It’s a shame that Sleeping Dogs got a bit lost in the summer of gaming, but it is a great sandbox title that deserves a good, long look. For fans of open world games, this is a must play, and it will likely be a fixture on my “best of” year-end list.

8.5/10

Video Game DLC Review: Red Dead Redemption: Undead Nightmare [Xbox 360, 2010]

Red Dead Redemption: Undead Nightmare [Xbox 360, 2010]

Red Dead Redemption: Undead Nightmare
System: Xbox 360 (also on PS3)
Genre: Third-person shooter
Publisher: Rockstar Games
Developer: Rockstar San Diego
Release Date: November 22, 2010

Whoever came up with the idea for Undead Nightmare deserves a pat on the back. Inserting zombies into the wild western world of Red Dead Redemption? That is a stroke of genius, my friends.

What makes Undead Nightmare so great is that it isn’t just a killer concept — this is premium downloadable content. For a mere $9.99, you get access to a lengthy single player campaign (approx. 10 hours to get 100% completion) as well as two new multiplayer modes. That’s more than some full-priced retail games offer! Expansion packs don’t get much better than this.

Reformed outlaw John Marston is once again the main protagonist, and this time he is out to find a cure for the terrifying new plague that is sweeping the land, all so he can get his wife and child back to normal. The entire Wild West is being overrun with zombies, with the undead rising from their graves all over the area.

Red Dead Redemption: Undead Nightmare [Xbox 360, 2010]

The plague hasn’t just infected humans. It has spread to animals, too, even in John’s preferred method of transportation: horses. I was horrified (yet also amused) when I whistled for a horse, only to have one arrive with half of its face missing. It must also be stated that you don’t know fear until you are attacked out of nowhere by a zombie bear.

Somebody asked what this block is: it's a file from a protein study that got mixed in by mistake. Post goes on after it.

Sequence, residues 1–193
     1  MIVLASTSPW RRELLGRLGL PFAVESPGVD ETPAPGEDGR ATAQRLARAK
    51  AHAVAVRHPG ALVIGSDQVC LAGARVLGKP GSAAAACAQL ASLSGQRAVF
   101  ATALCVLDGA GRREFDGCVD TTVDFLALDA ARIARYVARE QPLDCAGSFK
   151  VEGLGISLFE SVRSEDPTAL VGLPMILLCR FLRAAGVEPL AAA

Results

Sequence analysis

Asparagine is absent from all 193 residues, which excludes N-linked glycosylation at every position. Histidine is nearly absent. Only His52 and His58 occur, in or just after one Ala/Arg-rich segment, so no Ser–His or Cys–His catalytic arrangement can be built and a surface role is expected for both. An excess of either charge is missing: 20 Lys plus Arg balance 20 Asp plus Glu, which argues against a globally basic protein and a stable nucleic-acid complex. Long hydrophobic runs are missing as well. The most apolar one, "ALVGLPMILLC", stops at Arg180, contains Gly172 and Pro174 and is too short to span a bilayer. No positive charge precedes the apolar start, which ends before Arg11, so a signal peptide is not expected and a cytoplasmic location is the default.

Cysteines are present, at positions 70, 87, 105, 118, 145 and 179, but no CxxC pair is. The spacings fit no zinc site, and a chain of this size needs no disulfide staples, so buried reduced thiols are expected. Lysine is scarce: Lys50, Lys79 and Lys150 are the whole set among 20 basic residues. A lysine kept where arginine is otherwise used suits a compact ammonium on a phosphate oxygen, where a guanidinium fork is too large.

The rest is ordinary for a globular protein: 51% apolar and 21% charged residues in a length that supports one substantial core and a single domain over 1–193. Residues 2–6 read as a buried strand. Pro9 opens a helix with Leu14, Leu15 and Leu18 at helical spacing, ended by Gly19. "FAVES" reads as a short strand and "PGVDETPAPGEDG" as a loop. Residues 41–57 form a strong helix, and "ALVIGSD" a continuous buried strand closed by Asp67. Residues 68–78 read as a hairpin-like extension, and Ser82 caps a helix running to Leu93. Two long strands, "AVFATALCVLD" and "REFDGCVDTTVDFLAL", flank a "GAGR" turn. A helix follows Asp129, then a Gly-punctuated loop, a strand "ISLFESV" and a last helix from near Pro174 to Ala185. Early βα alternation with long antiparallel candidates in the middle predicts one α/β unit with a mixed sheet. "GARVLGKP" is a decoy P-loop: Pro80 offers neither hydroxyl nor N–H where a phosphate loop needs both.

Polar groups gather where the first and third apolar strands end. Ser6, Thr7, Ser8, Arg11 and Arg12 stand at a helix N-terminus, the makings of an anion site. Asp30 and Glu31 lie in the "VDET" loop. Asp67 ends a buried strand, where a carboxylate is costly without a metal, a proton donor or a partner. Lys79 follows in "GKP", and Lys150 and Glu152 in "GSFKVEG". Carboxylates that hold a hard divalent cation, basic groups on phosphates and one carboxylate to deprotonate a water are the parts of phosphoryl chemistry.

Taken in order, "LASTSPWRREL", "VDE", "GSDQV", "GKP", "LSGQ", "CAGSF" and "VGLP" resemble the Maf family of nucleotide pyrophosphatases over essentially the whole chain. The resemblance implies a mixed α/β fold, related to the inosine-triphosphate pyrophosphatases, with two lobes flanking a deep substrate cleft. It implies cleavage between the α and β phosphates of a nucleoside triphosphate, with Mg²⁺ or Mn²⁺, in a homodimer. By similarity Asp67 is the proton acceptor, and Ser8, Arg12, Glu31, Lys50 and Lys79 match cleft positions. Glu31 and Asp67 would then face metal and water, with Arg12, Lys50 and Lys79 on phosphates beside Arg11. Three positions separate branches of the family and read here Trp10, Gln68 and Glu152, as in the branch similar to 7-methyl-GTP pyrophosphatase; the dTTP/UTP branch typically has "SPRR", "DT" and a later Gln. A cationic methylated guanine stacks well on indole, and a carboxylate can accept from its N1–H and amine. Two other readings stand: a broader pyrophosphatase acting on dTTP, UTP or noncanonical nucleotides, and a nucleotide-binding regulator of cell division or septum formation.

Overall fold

Rockstar didn’t just include zombie animals, they also opted to entertain by introducing mythical creatures to the game. Now you can randomly come across chupacabras, sasquatches and unicorns. It’s pretty clear that the developers had a damn good time making this DLC.

As stated earlier, the single player campaign can last a good ten hours or so to finish completely. Aside from the main storyline that brings back some old favorite characters, there are also side quests and random encounters with loners out in the wilderness. Perhaps most fun are the objectives where you can clear out a whole town’s mess of zombies and let them live in peace, albeit most likely for just a few days. This brings a sense of heroism to John’s meandering adventure.

Fans of Red Dead Redemption’s multiplayer will be pleased with Undead Nightmare’s two new modes: Land Grab and Undead Overrun. The former is a free roam feature in which you attempt to hold onto a piece of territory for a certain amount of time, all while fighting off any attackers. The latter mode is my personal favorite, as it is basically a Horde mode against increasingly difficult waves of zombies. Even with a good group of players, this mode can get pretty damn crazy. There were times when I was the last survivor and had to run for my life against a seemingly endless onslaught of zombies. It beats the hell out of Call of Duty’s Nazi Zombies feature, that’s for sure.